Summary of Public Health Ontario’s “Companion animals and tick-borne diseases: A systematic review”
Public Health Ontario (PHO) recently released an evidence-based review on the use of companion animals (dogs, cats, horses) as sentinels for human tick-borne disease, along with the role (and risk) companion animals represent to humans (specifically pet-owners) for these same disease concerns.
Key findings summarized by the review include:
1. Can companion animals be utilized as sentinels for human disease?
Forty-four North American studies were identified (Canada: ON, BC) using companion animals as sentinels for human disease. The majority of these studies were on dogs as sentinels for human Lyme disease (19 studies, 2009-2016).
Overall there was support for use of dogs for informing disease risk in people. One study found that a canine seroprevalence (test positive status) of greater than 5% was associated with increased human risk of Lyme disease (Mead et al., 2011).
2. Is companion animal ownership a risk factor for Lyme disease?
The review identified 12 USA studies (cats (n=6), dogs (n=4), other companion animals (n=5)). Despite limitations to these reviewed studies (e.g., only adult populations looked at, no children), there was no evidence to support an increased risk of Lyme disease related to pet-ownership.
Why do dogs work as sentinels for human disease?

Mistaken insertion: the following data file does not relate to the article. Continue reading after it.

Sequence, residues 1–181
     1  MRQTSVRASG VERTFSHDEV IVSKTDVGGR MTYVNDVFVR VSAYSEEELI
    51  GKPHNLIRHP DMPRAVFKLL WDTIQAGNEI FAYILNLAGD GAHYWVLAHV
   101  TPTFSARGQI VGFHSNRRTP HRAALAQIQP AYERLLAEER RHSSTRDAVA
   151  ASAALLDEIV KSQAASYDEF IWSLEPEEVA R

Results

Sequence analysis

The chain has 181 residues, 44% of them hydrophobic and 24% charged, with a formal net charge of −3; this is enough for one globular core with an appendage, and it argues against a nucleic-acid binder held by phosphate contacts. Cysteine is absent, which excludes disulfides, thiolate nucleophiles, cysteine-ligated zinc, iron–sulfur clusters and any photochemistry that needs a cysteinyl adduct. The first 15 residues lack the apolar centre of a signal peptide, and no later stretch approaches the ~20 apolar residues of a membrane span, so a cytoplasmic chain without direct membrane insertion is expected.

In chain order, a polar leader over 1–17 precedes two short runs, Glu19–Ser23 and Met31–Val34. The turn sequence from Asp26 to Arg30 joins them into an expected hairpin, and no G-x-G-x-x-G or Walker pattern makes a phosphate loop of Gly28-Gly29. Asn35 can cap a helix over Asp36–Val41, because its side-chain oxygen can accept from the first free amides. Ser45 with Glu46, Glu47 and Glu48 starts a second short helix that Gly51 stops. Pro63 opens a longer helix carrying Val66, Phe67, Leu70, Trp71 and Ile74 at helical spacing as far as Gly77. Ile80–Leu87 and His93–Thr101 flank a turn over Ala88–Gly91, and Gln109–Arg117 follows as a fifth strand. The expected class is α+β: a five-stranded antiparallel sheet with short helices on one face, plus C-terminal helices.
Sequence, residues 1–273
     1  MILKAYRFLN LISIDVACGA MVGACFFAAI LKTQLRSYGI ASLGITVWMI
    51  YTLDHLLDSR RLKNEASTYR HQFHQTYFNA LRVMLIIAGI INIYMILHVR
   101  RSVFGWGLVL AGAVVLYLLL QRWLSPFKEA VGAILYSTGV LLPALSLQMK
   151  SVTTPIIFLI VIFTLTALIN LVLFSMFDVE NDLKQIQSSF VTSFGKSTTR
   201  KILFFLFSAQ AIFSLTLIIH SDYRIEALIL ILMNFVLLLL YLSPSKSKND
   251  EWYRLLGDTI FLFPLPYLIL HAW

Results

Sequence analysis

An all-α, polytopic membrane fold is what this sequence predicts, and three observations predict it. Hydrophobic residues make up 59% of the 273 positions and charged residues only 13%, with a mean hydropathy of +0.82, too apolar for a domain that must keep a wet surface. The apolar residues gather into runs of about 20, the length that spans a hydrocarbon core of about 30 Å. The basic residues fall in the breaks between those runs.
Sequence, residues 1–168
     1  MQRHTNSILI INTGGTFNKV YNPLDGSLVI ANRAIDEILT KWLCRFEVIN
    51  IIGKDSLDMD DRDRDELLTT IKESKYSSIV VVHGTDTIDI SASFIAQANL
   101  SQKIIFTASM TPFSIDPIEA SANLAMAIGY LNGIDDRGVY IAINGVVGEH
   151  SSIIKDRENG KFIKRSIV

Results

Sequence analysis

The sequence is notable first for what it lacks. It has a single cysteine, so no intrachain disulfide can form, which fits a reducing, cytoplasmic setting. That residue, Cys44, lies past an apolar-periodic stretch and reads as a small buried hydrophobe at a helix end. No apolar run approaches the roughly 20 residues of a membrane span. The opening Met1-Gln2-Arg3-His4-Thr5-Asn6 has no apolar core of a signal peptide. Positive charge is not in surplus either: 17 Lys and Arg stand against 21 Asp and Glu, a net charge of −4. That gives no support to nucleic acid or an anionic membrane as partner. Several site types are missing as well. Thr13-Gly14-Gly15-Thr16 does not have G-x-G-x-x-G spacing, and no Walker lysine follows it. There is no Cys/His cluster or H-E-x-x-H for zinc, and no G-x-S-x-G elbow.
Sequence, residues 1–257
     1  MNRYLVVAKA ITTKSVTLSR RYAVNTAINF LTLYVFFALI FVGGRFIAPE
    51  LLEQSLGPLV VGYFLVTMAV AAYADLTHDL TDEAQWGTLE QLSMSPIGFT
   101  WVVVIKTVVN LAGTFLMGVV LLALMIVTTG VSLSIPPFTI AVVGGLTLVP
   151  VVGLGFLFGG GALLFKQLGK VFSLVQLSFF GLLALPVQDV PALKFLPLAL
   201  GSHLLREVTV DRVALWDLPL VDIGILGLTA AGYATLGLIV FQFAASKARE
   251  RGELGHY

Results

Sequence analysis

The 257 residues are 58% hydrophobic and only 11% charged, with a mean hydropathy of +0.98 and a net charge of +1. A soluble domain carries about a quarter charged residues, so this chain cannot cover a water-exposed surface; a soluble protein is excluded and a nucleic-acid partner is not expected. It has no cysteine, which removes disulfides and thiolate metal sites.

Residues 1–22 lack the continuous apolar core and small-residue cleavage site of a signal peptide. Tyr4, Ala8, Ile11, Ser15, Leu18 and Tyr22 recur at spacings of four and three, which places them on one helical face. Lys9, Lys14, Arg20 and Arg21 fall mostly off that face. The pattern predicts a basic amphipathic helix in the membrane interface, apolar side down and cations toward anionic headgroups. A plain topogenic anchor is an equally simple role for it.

Dogs are regularly (and easily) tested for exposure to multiple tick-borne pathogens (including the causative agent of Lyme disease, B. burgdorferi).
The typical canine lifestyle consists of wandering happily through tick infested habitats, i.e. dogs commonly visit tick habitats and are easily exposed to ticks that bite, attach to dogs and subsequently transmit infection with B. burgdorferi or other common vector-borne pathogens.
As such, canine seroprevalence (test positive status) aids in predicting areas where humans are more likely to become infected. This is in contrast to human Lyme disease surveillance which may lack reliability due to under-reporting.
This review provides another example of One Health in action, illustrating how human, animal (and environmental) health are interconnected. There is little doubt that man’s best friend and protector (i.e., the dog) continues to do what he or she does best…act as a warning bell for their beloved humans. Future research and collaboration between veterinarians, human health care providers and the general public will be needed to raise awareness regarding disease risk and prevention strategies with respect to ticks- for people as well as their pets.